PokéBase - Pokémon Q&A
3 votes
That pretty much constitutes an answer right there ^
Do you think I should post this as an answer?
It's pretty solid, just be sure to link to a page that has some info on the computer programming. Just in case people want to verify what you're saying.
Yeah I'd really like to see a link.
I'm under the impression Binary Slicing is a technique used in Photography, without relation to programming :I

None of my friends who do Software Design and Development seem to know wtf it is either :P
I think I got the wrong name for it, because I can't find it anywhere on the internet. It was my uncle who told me about it, so I guess its his fault.

2 Answers

6 votes
Best answer

Here's Pokemon Showdown's random battle generator: https://github.com/Zarel/Pokemon-Showdown/blob/d3ca5253bf5157b59004ae3a61496ecc10140824/mods/gen5/scripts.js

It seems to pick random moves from the viable moves list, and keeps track of the amount of damaging and status moves. It also has some things to make moves usable, for example only use Sleep Talk if Rest is generated.

The levels are set for each tier, like so:

        LC: 95,
		NFE: 90,
		'LC Uber': 86,
		NU: 86,
		BL3: 84,
		RU: 82,
		BL2: 80,
		UU: 78,
		BL: 76,
		OU: 74,
		CAP: 74,
		Unreleased: 74,
		Uber: 70

The EVs are 85 for all stats, and IVs are 31 for each stat.
It also has something to filter more than 2 of each type, and 1 for any type combination.

Past this, it has a counter for Uber and LC, NFE and NU pokes respectively (uber is one counter and the rest are another).

This tries to limit the amount of Ubers and NUs on one team to promote "fun":
LC Pokemon have a hard limit in place at 2; NFEs/NUs/Ubers are also limited to 2 but have a 20% chance of being added anyway.

		 LC/NFE/NU Pokemon all share a counter (so having one of each would make the counter 3), while Ubers have a counter of their own. ~Zarel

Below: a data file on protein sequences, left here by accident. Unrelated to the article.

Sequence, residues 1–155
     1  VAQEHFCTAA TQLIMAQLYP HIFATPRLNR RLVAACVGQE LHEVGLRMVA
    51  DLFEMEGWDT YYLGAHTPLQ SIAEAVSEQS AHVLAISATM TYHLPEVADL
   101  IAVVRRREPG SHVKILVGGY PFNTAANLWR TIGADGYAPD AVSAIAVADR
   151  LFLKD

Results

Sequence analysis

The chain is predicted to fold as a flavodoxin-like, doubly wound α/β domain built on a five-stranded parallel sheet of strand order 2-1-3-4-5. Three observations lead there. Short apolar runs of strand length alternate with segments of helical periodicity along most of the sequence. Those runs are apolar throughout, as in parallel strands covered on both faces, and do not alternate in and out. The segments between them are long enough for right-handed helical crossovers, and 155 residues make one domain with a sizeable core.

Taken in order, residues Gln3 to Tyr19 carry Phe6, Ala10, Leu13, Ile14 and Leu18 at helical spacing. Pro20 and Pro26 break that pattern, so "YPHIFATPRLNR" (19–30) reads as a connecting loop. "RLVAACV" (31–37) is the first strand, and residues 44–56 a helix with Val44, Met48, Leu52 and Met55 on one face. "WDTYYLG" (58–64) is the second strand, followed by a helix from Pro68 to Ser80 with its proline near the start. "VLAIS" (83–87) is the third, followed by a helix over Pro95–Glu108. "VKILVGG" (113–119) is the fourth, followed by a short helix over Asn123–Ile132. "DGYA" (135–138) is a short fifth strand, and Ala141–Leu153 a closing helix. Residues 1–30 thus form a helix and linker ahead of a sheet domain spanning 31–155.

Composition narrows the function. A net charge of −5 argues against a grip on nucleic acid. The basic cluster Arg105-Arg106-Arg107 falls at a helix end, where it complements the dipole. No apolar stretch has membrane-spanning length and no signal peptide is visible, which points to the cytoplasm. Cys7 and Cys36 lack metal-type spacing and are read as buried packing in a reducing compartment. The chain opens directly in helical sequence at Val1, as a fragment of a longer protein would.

For the pokes themselves, a random number is most likely generated and the poke with the pokedex position of that number is selected.

selected by
Who's zarel btw?
He's they guy that made Showdown.
Zarel's the guy who originally made PS.
He basically owns it.
I got a Rotom-Fan with Levitate. Nothing special. But then it has an Air Balloon. And I got it twice. Then I get a Magikarp, then a Sunkern, or a Feebas. The next battle I have 3 legendaries and Megas. So, it's pretty random
} else if (template.species === 'Rotom-Fan') {
                // this is just to amuse myself
                item = 'Air Balloon';

From Zarel's coding.
ie. Rotom-F will ALWAYS have Air Balloon.
1 vote

For a random Pokemon to be chosen, you need to choose a random number between 1 and 718 (the amount of Pokemon). But for a computer to pick a completely random number is impossible. But there are some meathods of choosing almoast random numbers:

  • Pseudo-random number generators are algorithms that create a number that appears to be random, but is infact not. They make numbers by using a seed, a number that always stays the same, and then involving the seed in a certain equation. The answer is the 'random' number. Then the equation changes by a certain amount, and it does it again to create another seemingly random number, and again, and again, and until in this case there are 12 random numbers, and the program finds out which Pokemon each number referes to through the pokedex. And then you have your random teams.

This isn't always the best method, but it can be improved by using the time as the seed. This makes it much more random, and this is probably the method showdown (and other things that rely on random numbers) uses.

Another method is the one I explain as a comment on the question. I'm not sure what its called so I can't look it up more.

  • Physical methods are more methods used to get a random number, which use things in real life to make a random number. A good example is using a piece of decaying radioactive material, and putting it in front of a Geiger counter. Because the radioactivity of decaying radioactive material is random, this can be used if you somehow plug a Geiger counter into a computer and divide it so its a number between 1 and 718. But I doubt showdown does this somehow.

So there you have it! Some methods computers use to choose random numbers. Showdown probably uses the first one, and uses the time as the seed, because there are a lot of people doing random battles on showdown, and they need to make it really random.

Sources: http://en.wikipedia.org/wiki/Random_number_generation#Generation_methods and my uncle telling me this un-named method of random number generation which he claims to be called binary slicing, but apparently that's something else.